Finding Parish Registers for Germany Areas Now in Other Countries

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German Boundaries Changes[edit | edit source]

There are wiki articles explaining how to do research in former territories of Germany. Study the map below and click on the correct region in the List of Former German Territories, the Date of the Boundary Change, and the Current Country.

North SchleswigMemelFree City of DanzigFree City of DanzigPomeraniaUpper SilesiaSilesiaHultschiner LaendchenPosenWest PrussiaPosenWest PrussiaSouthern East PrussiaSilesiaNorthern East PrussiaHultschiner LaendchenPomeraniaSilesiaAlsace-LorrainePomeraniaMalmedy-EupenAlsace-LorraineAlsace-LorraineCountries formerly in Germany.png

List of Former German Territories, the Date of the Boundary Change, and the Current Country[edit | edit source]

Alsace-Lorraine (Elsass-Lothringen), 1919: France
Brandenburg: the Neumark region, 1945: Poland
East Prussia, 1945:

Eupen-Malmédy, 1919: Belgium
Free City of Danzig, 1945: Poland
North Schleswig, 1919: Denmark
Pomerania (Pommern), 1945:

Posen, 1919: Wielkie Księstwo Poznańskie, Poland
Silesia (Schlesien), 1945:

The rest of this article deals with finding parish registers for formerly German areas, grouped by modern day country.

Digitized Parish Registers Online[edit | edit source]

  • “Matriken im Netz” (parish registers online), organized by countries or sometimes states. For Poland the listing includes both national and regional resources. (In German.)

Former Austro-Hungarian Empire[edit | edit source]

  • Portafontium- Bavarian-Czech network of digitized parish registers.
  • Matricula online – digitized church records from various European countries (currently Austria, Germany, Poland and Serbia).
  • Crossborder Archives – Written sources of Slovak and Austrian archives online. For digitized parish registers specifically go to Crossborder parish record search . Of special interest may be sacramental records from the military church office in Vienna for 1899-1905. The parents often came from far away, and their birth places are listed in the records.
  • Links to digital archives and online parish registers for the Czech Republic are found on the FamilySearch Wiki Czech portal page under “Online Databases”. Also see land records, school records, and regional noble domain archival collections on FamilySearch. Scroll down the alphabetic list the Czech Republic records. Most collections have not been indexed.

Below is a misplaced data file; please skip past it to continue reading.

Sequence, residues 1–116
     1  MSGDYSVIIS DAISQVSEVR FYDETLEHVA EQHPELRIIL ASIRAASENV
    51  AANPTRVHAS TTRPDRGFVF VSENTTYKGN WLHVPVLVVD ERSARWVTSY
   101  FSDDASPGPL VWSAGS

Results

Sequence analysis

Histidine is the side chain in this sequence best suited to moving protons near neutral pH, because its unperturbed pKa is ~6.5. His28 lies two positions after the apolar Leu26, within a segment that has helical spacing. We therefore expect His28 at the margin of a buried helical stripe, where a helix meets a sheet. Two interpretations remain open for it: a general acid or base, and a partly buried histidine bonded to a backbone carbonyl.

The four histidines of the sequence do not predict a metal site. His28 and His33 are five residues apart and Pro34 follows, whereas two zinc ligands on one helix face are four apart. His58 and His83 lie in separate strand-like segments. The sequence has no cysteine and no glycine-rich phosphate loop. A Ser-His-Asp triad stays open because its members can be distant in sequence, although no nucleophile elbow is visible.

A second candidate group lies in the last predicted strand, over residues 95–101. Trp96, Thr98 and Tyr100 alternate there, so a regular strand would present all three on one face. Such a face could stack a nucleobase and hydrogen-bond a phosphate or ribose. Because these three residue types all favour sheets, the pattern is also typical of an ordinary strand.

• Use the gazetteer on to find the state archive that holds the records you need. Free registration with user name and password required. Various indexes are useful in conjunction with online parish registers.
  • Familia-Austria Portal includes links to archive pages for the various Austrian states and those of adjoining countries.

Poland[edit | edit source]

Polish State Archives[edit | edit source]

The Polish State archives platform is located at (archival collections on the Internet).


  • Go to the Polish State archives.
  • Click “English" on the top right.
  • Close the “Databases in State archives” banner that comes up.
  • Because results of simplified search are not very accurate (collections, units and items are mixed), please choose “Advanced search” under the search box.
  • Enter place/parish name [for example: “Grodzisk”] in the search box. Also check the following boxes “collections”, “vital records”, and ”only units with scans” if only material searchable online is desired. Click orange search button. Use Polish place names, but diacritics are not required. German place names generally will not work.
  • Choose a collection.
  • Click on “units” below the title.
  • A page of thumbnail images appears. You can click through those and go on to subsequent pages.
  • For easier viewing, use full screen button (left button on bottom right” or the magnifier (right button on bottom left , marked with a “z”).
  • The arrows for “previous” and “next” are found on the bottom left and right, and scans can be saved using the “download” button in the bottom center.